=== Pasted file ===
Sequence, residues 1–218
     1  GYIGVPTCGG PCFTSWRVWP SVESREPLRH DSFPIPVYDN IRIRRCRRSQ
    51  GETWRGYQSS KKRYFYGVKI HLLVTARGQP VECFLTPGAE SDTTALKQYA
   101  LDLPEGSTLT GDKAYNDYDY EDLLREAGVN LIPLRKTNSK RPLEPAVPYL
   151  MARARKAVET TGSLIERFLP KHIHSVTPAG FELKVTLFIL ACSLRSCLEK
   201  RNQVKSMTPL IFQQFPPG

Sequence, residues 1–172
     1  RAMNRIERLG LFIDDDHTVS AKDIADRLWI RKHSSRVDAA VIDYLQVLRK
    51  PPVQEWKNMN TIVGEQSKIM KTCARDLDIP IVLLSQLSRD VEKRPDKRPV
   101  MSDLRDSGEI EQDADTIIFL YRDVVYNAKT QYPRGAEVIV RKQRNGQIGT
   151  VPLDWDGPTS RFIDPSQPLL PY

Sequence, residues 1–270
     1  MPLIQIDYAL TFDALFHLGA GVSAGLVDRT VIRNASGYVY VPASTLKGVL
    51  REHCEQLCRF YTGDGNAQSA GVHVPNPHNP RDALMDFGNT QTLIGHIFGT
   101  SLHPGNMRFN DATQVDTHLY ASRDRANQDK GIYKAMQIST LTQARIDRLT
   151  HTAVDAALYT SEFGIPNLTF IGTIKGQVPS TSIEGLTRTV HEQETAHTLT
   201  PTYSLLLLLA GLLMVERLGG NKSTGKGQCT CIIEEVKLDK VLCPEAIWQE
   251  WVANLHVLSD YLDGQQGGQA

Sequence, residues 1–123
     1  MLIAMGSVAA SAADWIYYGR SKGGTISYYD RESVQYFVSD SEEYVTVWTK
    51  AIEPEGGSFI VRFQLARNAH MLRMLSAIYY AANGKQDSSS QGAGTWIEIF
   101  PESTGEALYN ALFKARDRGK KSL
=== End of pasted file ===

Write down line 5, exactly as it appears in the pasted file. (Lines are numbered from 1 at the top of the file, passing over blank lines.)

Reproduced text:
   151  MARARKAVET TGSLIERFLP KHIHSVTPAG FELKVTLFIL ACSLRSCLEK